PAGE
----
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Code review my quicksort! It isn't supposed to be superfast or anything and doesn't basecase out to insertion sort or anything. It's optimized for clarity and only sorts arrays of pointers.

#define MISC_XCHG(a, b) ({ __typeof__(a) MISC_XCHG__A = (a); (a) = (b); (b) = MISC_XCHG__A; })

static void misc_qsort_internal(void const** A, void const** Z, bool (*cmp)(void const*, void const*))
{
  while ((Z - A) > 1) {
    /*
      quicksort is a bit tricky. the basic idea of just partitioning
      into < and >= partitions and recursing on each isn't guaranteed
      to terminate, because everything can end up in the >= part.

      the key to termination is to make sure at least one element
      drops out.

      the element that drops out must be equal to the pivot, so that
      it can be >= everything in the < part and <= to everything in
      the >= part. most simply, this element can be the pivot, which
      should be inserted between the < and the >= parts.

      so as we build up the regions we keep the pivot at the start of
      the array and later exchange it with the last element in the <
      part.
    */
    void const* pivot = *A;

    /* S points to the first element in the >= part */
    void const** S = A+1;

    for (void const** I = S; I < Z; I++) {
      if (cmp(*I, pivot)) {
        /* when *I < pivot */
        /* we must exchange with the first element in the >= part */
        MISC_XCHG(*I, *S);
        /* and shift the >= part over by one */
        S++;
      } else {
        /* when *I >= pivot */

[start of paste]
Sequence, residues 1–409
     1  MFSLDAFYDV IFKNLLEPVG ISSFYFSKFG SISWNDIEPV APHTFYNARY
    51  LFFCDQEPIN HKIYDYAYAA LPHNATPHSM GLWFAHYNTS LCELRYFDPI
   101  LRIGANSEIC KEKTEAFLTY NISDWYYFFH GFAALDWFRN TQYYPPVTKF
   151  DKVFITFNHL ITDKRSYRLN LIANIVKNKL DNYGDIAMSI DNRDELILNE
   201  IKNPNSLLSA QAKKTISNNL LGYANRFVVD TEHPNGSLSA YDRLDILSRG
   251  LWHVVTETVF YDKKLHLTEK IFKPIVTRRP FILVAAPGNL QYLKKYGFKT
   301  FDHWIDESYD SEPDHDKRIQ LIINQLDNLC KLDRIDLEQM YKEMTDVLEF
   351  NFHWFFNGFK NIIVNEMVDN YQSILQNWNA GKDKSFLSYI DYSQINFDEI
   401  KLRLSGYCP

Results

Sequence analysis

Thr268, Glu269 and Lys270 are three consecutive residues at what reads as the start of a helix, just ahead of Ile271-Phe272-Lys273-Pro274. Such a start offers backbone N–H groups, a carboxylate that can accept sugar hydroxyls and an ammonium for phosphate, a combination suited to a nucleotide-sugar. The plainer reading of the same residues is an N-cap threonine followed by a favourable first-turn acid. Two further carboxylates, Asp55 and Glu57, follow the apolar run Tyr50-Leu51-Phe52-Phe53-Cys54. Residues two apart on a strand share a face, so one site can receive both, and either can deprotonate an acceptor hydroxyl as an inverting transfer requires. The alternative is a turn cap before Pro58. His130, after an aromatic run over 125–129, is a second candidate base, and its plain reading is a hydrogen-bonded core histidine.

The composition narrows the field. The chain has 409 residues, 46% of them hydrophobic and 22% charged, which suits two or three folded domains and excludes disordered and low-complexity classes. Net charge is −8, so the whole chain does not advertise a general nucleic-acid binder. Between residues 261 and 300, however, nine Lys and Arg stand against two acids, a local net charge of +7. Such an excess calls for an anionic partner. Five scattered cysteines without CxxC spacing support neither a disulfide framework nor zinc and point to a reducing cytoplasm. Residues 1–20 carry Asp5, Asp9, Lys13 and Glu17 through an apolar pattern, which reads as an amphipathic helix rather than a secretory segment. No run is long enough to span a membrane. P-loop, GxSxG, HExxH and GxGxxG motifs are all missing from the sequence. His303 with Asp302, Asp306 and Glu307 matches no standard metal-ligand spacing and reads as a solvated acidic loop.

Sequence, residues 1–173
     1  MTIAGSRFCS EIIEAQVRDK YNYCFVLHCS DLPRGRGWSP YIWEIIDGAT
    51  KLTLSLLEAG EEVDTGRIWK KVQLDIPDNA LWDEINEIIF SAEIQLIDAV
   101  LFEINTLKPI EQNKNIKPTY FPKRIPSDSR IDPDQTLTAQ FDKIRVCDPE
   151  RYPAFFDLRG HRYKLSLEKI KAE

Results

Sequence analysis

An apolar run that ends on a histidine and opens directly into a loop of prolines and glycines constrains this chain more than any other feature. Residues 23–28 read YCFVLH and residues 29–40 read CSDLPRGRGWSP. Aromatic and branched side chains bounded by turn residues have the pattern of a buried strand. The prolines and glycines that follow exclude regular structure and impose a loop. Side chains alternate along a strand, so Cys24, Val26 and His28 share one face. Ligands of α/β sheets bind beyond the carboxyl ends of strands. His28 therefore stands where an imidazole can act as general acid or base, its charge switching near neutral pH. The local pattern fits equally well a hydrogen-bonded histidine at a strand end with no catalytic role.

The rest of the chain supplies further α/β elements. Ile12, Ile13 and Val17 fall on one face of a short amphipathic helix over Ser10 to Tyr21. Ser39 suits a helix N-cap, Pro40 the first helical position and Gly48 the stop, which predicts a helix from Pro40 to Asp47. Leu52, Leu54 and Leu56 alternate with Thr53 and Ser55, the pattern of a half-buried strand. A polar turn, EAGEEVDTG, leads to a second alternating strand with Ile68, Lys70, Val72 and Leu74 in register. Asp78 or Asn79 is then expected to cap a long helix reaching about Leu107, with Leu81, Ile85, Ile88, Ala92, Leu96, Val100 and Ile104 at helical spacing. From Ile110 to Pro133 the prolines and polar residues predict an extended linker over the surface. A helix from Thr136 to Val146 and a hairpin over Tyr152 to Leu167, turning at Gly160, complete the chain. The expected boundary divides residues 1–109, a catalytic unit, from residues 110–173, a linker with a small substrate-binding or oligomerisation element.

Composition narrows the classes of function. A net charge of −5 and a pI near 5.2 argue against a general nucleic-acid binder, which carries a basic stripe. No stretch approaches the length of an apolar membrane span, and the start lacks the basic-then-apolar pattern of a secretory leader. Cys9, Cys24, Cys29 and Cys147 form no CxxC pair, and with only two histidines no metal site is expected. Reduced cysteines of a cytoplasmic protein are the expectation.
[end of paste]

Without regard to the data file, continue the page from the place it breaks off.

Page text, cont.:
/* nothing to do, the >= part grows "automatically" */
      }
    }

    /* now do the business of exchanging the pivot */
    void const** R = (S - 1);
    *A = *R;
    *R = pivot;

    /* recursively sort (>=A, <R) and (>=S, <Z) */
    /* recurse on the smaller partition */
    /* this keeps stack usage always at or below O(log n) */
    if ((R - A) < (Z - S)) {
      misc_qsort_internal(A, R, cmp);
      A = S; /* loop to sort (>=S, <Z) */
    } else {
      misc_qsort_internal(S, Z, cmp);
      Z = R; /* loop to sort (>=A, <R) */
    }
  }
}

/*
  cmp should return true iff [arg1] < [arg2] (strictly).
*/
static INLINE void misc_qsort(void const** A, uintptr_t L, bool (*cmp)(void const*, void const*))
{
  misc_qsort_internal(A, (A + L), cmp);
}

#define MISC_QSORT_VARIANT(s, t)                                        \
  static INLINE void misc_qsort_##s(t** A, uintptr_t L, bool (*cmp)(t const*, t const*)) \
  {                                                                     \
    misc_qsort(((void const**)(A)), L, ((bool (*)(void const*, void const*))(cmp))); \
  }
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1 Answer 1

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I think instead of writing the macro MISC_XCHG and using only once, I would just write the swap directly in place.

The use of upper-case for the single-letter locals is unconventional, and looks odd.

I haven't measured performance, but it seems that sorting already-ordered (or nearly-ordered) input is likely to suffer as a consequence of always picking the first element as pivot. A popular strategy is to pick the median of the first, last and central elements. It doesn't matter that these are not necessarily distinct when we get to the very smallest partitions.

I do like the code that chooses the smaller partition for the recursive step, and uses iteration on the larger partition.

I don't understand why L is a uintptr_t - I would have thought size_t the obvious choice, the same as standard qsort().

The cast of cmp from bool(*)(t const*, t const*) to (bool(*)(void const*, void const*) leads to Undefined Behaviour when it's called as the wrong type. The correct way to provide a type-specific comparator is to convert the arguments:

#define DEFINE_QSORT_COMPARATOR(s,t,cmp) \
  static bool qsort_compare_##s(void const *a, void const *b) \
  { t const *x = a; t const *y = b; return cmp(*x, *y); }
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